Mistakes I Made When Starting My Family History Research / 52 Ancestors : Week # 49 – Oops

I’m participating in Amy Johnson Crow’s 52 Ancestors Challenge this year. We are at Week # 49 and the writing prompt is OOPS. Oh, my gosh. Where do I start?!

Here’s a list of mistakes I made when starting to research my family history. I’m sure that I’m not alone in some of these oopsies.

# 1 – Without a doubt, I think that the biggest mistake and # 1 on my list of mistakes that I have made while researching my family history is in neglecting to properly record or cite my sources. I would find myself just so eager to collect names and dates that the only goal seemingly in mind was to see how far back in time I could trace my family’s lineage. In the beginning, I would accept information or hints from someone else’s online tree without even checking their sources. Gulp. It’s happened more than I care to admit, that I have been over eager and gone down a rabbit hole of researching someone whom I thought was a relative, only to discover that I was wrong. Big oops. Then comes the deleting of information. This is not an easy task.

So, my advice would be to document where you find your information when you first find it.

“If you didn’t write it, you must cite it.” – Me. To my younger self.

# 2Not being organized. This mistake that I made kind of goes hand in hand with not citing sources properly. I would find myself jumping around from one hint to another, one person to another, getting easily sidetracked, not being focused, and not being organized in my research is messy and well, just plain unproductive. It’s so important to start with a clear research plan. Decide what the information is that you are hoping to acquire and stay focused. Writing down a list of specific goals would also be helpful.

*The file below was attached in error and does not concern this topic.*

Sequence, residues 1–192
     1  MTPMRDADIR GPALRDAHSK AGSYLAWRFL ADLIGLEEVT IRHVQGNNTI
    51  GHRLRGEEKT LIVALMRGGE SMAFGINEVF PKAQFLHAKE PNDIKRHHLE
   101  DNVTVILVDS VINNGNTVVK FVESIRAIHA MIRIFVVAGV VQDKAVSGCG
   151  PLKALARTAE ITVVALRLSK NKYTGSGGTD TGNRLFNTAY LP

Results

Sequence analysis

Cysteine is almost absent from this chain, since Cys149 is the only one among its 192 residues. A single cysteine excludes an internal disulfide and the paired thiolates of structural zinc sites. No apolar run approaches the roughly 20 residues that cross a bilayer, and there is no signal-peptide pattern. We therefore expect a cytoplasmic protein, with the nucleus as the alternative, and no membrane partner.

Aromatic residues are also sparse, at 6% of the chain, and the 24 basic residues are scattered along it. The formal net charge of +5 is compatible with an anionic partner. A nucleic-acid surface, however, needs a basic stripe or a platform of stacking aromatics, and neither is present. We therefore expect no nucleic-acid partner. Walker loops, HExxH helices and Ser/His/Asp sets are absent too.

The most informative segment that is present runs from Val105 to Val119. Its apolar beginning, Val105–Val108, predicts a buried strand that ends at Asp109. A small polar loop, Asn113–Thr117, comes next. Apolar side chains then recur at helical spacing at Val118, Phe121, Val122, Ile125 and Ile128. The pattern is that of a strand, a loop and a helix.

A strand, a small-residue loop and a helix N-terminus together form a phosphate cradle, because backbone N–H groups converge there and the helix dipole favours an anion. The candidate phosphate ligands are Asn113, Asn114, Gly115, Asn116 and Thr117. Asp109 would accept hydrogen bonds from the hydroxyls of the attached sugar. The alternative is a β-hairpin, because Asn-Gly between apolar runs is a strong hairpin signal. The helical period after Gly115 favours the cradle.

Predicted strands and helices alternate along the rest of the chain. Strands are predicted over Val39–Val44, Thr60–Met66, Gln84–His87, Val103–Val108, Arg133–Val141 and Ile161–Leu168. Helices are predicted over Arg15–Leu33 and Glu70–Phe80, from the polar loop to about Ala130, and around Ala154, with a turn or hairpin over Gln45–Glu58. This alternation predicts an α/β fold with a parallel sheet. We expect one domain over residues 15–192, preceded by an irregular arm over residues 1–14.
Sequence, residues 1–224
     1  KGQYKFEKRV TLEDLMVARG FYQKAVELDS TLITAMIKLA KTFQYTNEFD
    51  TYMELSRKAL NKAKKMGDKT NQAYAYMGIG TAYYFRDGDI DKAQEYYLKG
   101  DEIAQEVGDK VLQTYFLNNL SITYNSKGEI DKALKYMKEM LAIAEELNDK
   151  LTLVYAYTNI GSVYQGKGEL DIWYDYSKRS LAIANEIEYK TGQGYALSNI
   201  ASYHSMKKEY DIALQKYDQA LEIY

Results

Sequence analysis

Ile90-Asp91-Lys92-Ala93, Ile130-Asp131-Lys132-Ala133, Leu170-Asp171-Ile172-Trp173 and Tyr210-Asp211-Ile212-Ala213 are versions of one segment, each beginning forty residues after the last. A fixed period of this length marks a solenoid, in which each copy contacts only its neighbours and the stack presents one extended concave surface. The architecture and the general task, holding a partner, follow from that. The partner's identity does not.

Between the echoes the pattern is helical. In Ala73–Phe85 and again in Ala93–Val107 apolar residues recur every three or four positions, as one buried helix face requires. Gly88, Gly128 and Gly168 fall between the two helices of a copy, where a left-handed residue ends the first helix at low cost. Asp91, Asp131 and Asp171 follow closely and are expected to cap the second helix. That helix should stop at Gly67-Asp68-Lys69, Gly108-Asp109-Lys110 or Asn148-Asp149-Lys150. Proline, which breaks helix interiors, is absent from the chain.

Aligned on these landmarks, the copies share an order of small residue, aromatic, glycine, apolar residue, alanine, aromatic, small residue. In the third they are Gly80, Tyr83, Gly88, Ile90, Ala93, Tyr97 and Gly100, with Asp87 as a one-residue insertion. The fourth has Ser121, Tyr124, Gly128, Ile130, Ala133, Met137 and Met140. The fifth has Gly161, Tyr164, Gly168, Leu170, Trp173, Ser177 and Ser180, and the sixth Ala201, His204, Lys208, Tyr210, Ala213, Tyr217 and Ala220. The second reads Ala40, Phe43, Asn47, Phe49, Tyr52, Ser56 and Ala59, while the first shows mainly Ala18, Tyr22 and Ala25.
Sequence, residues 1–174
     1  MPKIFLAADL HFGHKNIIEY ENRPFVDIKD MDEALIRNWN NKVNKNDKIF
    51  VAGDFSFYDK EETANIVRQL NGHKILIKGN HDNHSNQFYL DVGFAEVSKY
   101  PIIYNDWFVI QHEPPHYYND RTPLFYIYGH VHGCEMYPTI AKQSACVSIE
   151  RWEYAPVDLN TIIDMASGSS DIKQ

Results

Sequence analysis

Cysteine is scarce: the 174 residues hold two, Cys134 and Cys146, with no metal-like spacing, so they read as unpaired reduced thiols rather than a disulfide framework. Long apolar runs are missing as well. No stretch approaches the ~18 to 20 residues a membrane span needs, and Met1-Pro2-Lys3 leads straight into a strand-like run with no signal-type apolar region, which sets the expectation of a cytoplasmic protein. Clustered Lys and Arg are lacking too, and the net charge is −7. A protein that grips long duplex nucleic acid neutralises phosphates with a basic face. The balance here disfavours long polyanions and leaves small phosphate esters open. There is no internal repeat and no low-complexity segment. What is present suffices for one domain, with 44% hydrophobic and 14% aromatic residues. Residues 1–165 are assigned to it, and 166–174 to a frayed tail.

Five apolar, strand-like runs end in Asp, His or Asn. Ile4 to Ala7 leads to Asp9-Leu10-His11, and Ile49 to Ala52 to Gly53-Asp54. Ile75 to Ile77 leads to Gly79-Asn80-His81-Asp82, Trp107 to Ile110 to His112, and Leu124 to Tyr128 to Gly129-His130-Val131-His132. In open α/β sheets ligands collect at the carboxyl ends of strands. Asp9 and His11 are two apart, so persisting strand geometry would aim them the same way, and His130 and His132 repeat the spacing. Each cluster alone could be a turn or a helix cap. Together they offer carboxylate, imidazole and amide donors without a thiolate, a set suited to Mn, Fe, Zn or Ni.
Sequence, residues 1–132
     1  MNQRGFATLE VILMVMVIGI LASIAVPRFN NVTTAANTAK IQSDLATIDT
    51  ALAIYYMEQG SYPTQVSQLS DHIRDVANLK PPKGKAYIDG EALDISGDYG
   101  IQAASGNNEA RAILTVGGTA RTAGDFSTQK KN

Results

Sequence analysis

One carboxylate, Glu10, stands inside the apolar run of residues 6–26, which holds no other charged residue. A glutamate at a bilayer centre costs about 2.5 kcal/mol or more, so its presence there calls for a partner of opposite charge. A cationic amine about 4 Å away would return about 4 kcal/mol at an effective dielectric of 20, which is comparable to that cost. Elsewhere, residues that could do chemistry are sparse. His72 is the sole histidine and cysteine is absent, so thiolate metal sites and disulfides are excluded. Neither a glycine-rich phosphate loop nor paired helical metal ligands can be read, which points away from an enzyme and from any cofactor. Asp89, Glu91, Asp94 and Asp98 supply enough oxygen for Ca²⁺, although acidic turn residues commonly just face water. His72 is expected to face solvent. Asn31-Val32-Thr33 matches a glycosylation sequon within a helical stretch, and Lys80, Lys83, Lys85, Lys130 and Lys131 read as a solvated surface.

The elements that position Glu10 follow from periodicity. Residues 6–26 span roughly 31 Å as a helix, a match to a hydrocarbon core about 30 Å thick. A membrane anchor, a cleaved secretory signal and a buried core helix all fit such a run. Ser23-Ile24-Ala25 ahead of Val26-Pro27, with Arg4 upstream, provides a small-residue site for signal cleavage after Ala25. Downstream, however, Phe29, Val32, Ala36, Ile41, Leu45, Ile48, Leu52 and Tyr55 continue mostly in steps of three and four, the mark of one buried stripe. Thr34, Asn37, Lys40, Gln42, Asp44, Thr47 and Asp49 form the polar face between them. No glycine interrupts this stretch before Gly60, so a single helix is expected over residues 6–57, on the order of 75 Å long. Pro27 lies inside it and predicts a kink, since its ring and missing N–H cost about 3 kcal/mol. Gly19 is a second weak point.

Photo by Pixabay on Pexels.com

# 3 – The third oops on my list of mistakes was being lured into chasing down all of those little shaky green leaves – they get us every time, don’t they? Ooooo!! A new hint!! Distracted again. Try your best to stay focused. It’s also important to remember that just because someone else’s tree has information on it, does not make it true. That’s something I’ve learned along the way. Sure, have a look at that person’s tree and the information that they have, but check their sources!!

I mean seriously?! 8,024 hints?! Who wouldn’t get distracted for days and days and days…

# 4 – This lesson I learned a while back, and it was to not move so quickly through a document. This was the case with my paternal Great-Grandfather’s pension record with the Metropolitan Police. I was so excited to find this record and attach it to my tree, that I only quickly skimmed the document and moved on to see what else I could find. It wasn’t until quite some time later that I thought of turning the page over (online) and reading what else there was to see. Slow down. Read. Every. Word. Below are the front and back page of the record. You can read about my faux pas on my previous post titled Finding Hidden Records on Ancestry.

# 5 – This oops is a big one that certainly will cost me a lot of time and a headache that may last for days on end. This is a mistake I made when I first created an Ancestry account, and here it is. I created a different and separate tree for every branch of our family. I realize now that this really wasn’t the best idea. It has also left me in a position of having way too many individual family trees! I have one for my Dad’s family, one for my Mom’s adopted family, one for her birth family, one for my husband’s mother’s family, another for my husband’s father’s side of the family…you get the picture!